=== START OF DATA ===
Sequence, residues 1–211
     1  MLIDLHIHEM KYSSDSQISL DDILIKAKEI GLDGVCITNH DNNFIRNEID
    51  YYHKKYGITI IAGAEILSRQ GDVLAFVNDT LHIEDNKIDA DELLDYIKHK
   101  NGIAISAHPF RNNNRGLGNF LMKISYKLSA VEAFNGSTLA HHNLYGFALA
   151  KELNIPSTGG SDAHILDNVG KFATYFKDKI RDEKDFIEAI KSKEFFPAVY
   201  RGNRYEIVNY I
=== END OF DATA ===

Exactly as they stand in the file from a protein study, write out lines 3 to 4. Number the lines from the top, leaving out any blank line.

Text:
    51  YYHKKYGITI IAGAEILSRQ GDVLAFVNDT LHIEDNKIDA DELLDYIKHK
   101  NGIAISAHPF RNNNRGLGNF LMKISYKLSA VEAFNGSTLA HHNLYGFALA